Here's the rest of my "Gonzo" imitation piece:
“How did I know you were done,” Jerri joked. Behind her, a skinny man with thinning brown hair and a crooked smile walked in. “Emily, this is Mike.”
I shook Mike's hand. “Nice to meet you.”
“You too. If you'll follow me, I'll just have you watch a short video while I score your test.”
The video turned out to be about L. Ron Hubbard, the guy who wrote all the books. Apparently, he lived a pretty full life. I had a hard time paying attention. The irony was when my eyes drifted to the books on the bookshelves, saw the name L. Ron Hubbard, and thought, “I wonder what that guy was like,” and then I realized that if I were just watching the video then I would find out. But I still didn't pay too much attention. That's the trouble with people – sometimes we get so caught up in hearing ourselves think that we don't see the answers when they're right in front of us.
After the video was over, Mike returned and brought me back to the office where Jerri had introduced me to scientology. “Here, I'll go over your scores with you.” In his hand was the same kind of chart that had been hanging on the wall in front of me when I had been taking the test. There were even a couple of little clouds around two of the points.
Mike showed me how the chart worked before moving on to my individual answers. “It looks like you think you're pretty stable. Would you agree with that?”
“That sounds about right,” I conceded.
After discussing my answers, we chatted. Apparently, you could be part of just about any religion and also be a scientologist, because it wasn't really a traditional kind of religion.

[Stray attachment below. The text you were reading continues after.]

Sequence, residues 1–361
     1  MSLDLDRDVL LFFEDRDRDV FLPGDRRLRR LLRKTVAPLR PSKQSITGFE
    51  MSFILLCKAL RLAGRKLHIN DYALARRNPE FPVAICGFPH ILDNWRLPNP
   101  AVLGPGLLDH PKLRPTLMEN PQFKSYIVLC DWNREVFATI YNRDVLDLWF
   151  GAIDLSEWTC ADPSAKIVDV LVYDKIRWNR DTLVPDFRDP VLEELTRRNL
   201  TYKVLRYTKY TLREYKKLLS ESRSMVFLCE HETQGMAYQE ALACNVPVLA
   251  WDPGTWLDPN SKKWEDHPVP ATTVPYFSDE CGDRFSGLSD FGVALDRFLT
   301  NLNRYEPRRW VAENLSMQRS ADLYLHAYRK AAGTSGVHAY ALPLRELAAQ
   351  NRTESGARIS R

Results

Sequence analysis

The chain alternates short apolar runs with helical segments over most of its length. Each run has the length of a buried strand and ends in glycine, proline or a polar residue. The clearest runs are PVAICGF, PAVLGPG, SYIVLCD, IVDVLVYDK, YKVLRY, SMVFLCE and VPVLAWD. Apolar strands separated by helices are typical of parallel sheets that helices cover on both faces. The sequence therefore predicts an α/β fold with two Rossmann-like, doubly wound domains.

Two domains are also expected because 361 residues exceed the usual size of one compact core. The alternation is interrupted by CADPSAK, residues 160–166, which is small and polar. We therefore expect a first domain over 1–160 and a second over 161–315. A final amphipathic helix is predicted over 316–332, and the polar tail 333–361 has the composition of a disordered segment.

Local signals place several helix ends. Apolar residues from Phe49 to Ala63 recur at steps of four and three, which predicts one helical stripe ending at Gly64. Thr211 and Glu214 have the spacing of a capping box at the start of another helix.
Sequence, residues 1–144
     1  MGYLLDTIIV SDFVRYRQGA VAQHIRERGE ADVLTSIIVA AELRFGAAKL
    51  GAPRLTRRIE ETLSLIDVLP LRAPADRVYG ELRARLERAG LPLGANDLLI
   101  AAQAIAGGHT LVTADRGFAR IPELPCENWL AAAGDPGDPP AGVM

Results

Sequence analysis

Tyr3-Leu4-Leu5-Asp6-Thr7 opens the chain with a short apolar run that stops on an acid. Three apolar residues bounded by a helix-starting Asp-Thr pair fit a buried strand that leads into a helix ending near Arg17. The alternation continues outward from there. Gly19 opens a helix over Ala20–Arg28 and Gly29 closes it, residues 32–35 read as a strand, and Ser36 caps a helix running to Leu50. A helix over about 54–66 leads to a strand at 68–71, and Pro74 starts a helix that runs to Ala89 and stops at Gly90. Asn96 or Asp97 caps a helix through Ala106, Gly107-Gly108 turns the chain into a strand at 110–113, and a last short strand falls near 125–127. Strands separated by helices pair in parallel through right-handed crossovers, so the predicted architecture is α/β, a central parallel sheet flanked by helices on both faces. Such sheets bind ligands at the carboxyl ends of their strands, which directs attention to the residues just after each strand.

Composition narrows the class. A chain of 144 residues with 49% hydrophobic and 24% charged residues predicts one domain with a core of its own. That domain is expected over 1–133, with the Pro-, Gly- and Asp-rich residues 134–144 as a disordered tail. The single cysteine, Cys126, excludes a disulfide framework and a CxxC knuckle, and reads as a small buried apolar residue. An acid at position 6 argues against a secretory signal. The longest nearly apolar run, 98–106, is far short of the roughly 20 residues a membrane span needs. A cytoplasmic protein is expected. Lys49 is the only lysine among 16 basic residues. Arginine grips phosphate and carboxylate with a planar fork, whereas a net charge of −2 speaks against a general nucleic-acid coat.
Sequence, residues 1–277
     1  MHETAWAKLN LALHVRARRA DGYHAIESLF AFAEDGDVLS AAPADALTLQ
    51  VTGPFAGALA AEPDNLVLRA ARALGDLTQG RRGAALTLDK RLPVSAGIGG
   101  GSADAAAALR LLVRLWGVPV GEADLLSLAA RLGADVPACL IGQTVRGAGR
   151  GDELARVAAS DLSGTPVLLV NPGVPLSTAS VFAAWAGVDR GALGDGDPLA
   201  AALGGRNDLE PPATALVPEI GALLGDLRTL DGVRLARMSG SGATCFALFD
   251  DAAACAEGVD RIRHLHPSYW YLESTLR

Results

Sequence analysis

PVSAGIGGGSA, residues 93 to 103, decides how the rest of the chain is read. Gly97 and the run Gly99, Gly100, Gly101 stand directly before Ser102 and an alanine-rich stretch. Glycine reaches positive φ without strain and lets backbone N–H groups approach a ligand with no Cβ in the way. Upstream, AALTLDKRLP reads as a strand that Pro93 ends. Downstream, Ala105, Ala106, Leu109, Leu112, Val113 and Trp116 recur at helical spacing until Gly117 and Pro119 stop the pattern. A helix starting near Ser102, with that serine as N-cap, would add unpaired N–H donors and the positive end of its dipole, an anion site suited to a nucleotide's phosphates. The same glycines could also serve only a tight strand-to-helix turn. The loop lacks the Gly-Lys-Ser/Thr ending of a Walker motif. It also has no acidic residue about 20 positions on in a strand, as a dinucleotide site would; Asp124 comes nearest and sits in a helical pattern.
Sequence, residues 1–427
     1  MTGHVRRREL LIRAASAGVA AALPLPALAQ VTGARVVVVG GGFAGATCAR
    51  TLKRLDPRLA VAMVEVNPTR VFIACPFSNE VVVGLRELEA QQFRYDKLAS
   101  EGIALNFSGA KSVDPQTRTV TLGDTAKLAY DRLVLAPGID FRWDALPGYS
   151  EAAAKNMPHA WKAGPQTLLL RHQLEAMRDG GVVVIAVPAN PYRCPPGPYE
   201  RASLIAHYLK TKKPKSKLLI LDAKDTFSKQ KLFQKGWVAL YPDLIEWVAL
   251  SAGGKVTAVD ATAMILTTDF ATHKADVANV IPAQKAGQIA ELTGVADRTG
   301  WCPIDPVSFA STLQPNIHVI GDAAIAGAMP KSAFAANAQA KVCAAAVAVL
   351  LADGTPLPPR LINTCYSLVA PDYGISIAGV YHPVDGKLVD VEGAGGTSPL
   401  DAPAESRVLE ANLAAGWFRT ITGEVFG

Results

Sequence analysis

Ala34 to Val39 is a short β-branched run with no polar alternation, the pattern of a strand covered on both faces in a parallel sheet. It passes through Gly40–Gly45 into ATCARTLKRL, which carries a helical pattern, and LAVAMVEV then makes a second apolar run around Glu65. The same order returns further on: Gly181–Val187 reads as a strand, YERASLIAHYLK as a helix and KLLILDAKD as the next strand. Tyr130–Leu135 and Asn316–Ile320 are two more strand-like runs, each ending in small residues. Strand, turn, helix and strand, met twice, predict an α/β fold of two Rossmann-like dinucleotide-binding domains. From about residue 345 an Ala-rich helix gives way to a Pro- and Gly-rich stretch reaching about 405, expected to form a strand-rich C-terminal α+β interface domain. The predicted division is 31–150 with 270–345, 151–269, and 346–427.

“It sounds like a self-help book put into practice,” I said.
He chuckled. “Well, it is sort of like that.”
I was really enjoying myself. I realized that I never get to do this. I never get to just sit down and talk with somebody who is completely objective, who doesn't know anything about me except for what I tell him, who won't judge me because he has no reason to.
“Well, I would really like to read one or two of the books,” I said, wrapping up since I knew I had to go. “But there are so many. What would you suggest?” My mind was reeling from seeing so many shiny covers with L. Ron Hubbard on them all over the place. And every book was different. I thought I'd heard in the video that he wrote thousands of books. Literally thousands.
He suggested a shiny cover with the words Scientology: A New Slant on Life before asking, “Are you a big reader?”
“Yes,” I replied readily.
He pulled a thick book out from behind him with DIANETICS written in large letters across the top. “If you can read this, you'll have the key to improve your entire life,” he said reverently.
“Can I find that in the library?”
“Oh, yes, I'm sure you can. You should be able to find it in your school library, too.”
“Okay. I'll look for it.” I stood, and he followed suit. “I'd better go. Thank you very much.”
He walked me to the elevator, and as I stood alone in the silver box, I wondered if I might ever come back here. The doors opened and I passed the receptionist, waving and thanking him as I walked out the glass door into the noisy streets of downtown.
I drove home in silence, turning off the radio. My past few hours were some kind of fable, the kind of story you use to illustrate some Christian idea, ending with “And the moral of the story is...” This was where it was supposed to end, with me feeling free in the knowledge that scientology is not a cult and scientologists are just people looking for truth and happiness, whether or not they've found it. But real life is not a series of episodes that each end with a moral. As something new settled over my heart, I realized that this experience was going to lead into other things, and I was going to have to decide what I was going to do with it.
I watched the pedestrians pass as I heard the scream of an ambulance somewhere in the distance.